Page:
Dr Catherine Smith’s farewell as Patron

As Dr Catherine Smith stepped down as Patron of MS Otago at this year’s AGM she shared a few words.

Kia ora koutou,

Thank you Mike and the committee for inviting me to say a few words today as I step down as patron of MS Otago.

Give and Take — it’s a phrase we have all heard and perhaps sometimes take for granted today I want to talk a bit more about this phrase and why it is relevant and important to all of us.

MS Otago has had a wonderful relationship with the School of Physiotherapy for the past 15years. My friend and colleague, Professor Leigh Hale, reached out in 2003 with the idea that the School might be able to provide some exercise opportunities for society members. As physiotherapists, we prioritise physical activity (including exercise), it’s our speciality, we’ve have known for decades that – higher levels of physical activity are good for the body and mind. 15 years later and-The School of Physiotherapy still offers a weekly class run by Claire and, one on one programmes at our Umove sessions. That’s what we give so what did we take? Working with members of MS Otago give our students a wonderful learning opportunity and student feedback suggests that this is a learning experience very much valued by our students. Our links with the society have also provided research opportunities that have helped us further understand the benefits of PA and exercise for people who have MS.

For example, my whole PhD was dedicated to asking people with MS how fatigue affected their ability to exercise. One of the things we found from those stories, so generously given to us by you was that adopting a strategy of Give and Take with your own body could be a useful tool to help manage fatigue. This involved getting to know your body and becoming familiar with the threshold between a healthy tiredness and unhealthy tiredness after exercise, knowing when to give to your body e.g. food, rest, medication and meditation and knowing when to take from your body e.g. exercise and physical challenge. We have presented the results of this research several times to society members.

Learning opportunities, research data, exercise classes, knowledge-sharing… maybe this balance between Give and Take is one of the reasons our great relationship has endured.

What we have also learned from our research and from working with members of MS Otago is that 4 physical activity and exercise isn’t everything (perhaps hard for a Physio to understand). In our research, we learned that one of the main contributors or triggers for feelings of fatigue is psychological stress: anxiety, depression, embarrassment, frustration to name a few. The Mental Health Foundation recommend five ways to wellbeing, being physically active is one of them others are to connect, take notice, to learn and to GIVE. It has been my experience that many people with MS feel that they have nothing left to give… not true. Giving comes in many forms maybe as an active committee member of MS Otago, maybe a kind word or a gesture of appreciation.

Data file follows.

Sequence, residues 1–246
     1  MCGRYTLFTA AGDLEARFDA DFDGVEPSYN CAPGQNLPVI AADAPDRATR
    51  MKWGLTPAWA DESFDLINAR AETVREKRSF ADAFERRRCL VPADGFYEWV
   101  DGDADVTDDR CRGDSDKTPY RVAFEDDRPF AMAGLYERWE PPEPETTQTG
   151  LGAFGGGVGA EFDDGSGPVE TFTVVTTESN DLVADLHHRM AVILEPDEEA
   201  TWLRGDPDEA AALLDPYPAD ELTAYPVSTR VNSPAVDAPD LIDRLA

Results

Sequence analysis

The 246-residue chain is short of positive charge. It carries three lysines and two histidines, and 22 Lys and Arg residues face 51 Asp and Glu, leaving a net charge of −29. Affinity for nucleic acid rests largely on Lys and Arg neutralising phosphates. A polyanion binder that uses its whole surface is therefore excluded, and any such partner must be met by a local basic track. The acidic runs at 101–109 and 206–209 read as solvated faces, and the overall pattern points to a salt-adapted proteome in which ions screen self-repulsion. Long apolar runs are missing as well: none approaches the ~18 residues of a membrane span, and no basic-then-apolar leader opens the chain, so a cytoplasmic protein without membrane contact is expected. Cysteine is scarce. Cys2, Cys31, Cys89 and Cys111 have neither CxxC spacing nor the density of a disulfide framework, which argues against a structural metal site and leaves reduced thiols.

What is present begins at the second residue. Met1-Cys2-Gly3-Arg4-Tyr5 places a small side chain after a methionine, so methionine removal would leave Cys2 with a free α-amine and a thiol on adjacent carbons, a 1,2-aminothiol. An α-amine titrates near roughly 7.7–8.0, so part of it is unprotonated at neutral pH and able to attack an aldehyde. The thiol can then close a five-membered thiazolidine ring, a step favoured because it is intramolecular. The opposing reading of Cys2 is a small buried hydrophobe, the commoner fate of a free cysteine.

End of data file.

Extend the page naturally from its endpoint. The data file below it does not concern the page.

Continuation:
I would like to share a very personal story of what MS Otago members have given to me. In 2012, a team of MS Otago members participated in the 5km Master’s games walk in Dunedin. I don’t think that any of those people had done anything like that before – certainly not since the onset of their MS. They walked, they wheeled, they stumbled and they fell, they were tired and their muscles were sore for days but every single participant completed that course. As a physio, I helped by providing training programmes and joined the team on their walk — l was blown away by their determination to participate and succeed. At that time I had started to teach myself to play the cornet, my son played in a local Brass Band and I loved listening so much that I felt compelled to play BUT I did not have the confidence to join a band —I never thought I would, I was terrified at the thought. After the Master’s games walk I thought well if they can do it, so can I turned up at the band, my legs shook, I could hardly breathe and I don’t think I played more than three notes that first time (at least two of those were wrong notes) — l was terrified but I did it and that was thanks to you. Six years later, I’m still with the band and loving it — thank you.

Now evidence is strong that the act of giving can help our mental wellbeing. So what about taking? Well we know from our research that support is vital and that asking for that support is also essential for wellbeing – Give and Take.

Just as a good balance of Give and Take can help with personal wellbeing, we could also consider what this saying might mean to an organisation such as MS Otago. An Organisation needs to give, that goes without saying. MS Otago provides support, advocacy and connection. But in order to be a healthy organisation it needs to be supported. You are your society and I ask that you consider the ways in which you not only take from but also give to your society.

Many thanks again for all you have given me and, for the honour of being your patron. | wish Toni all the best in this role and am sure it will be a fruitful relationship.

Dr Catherine Smith, 2019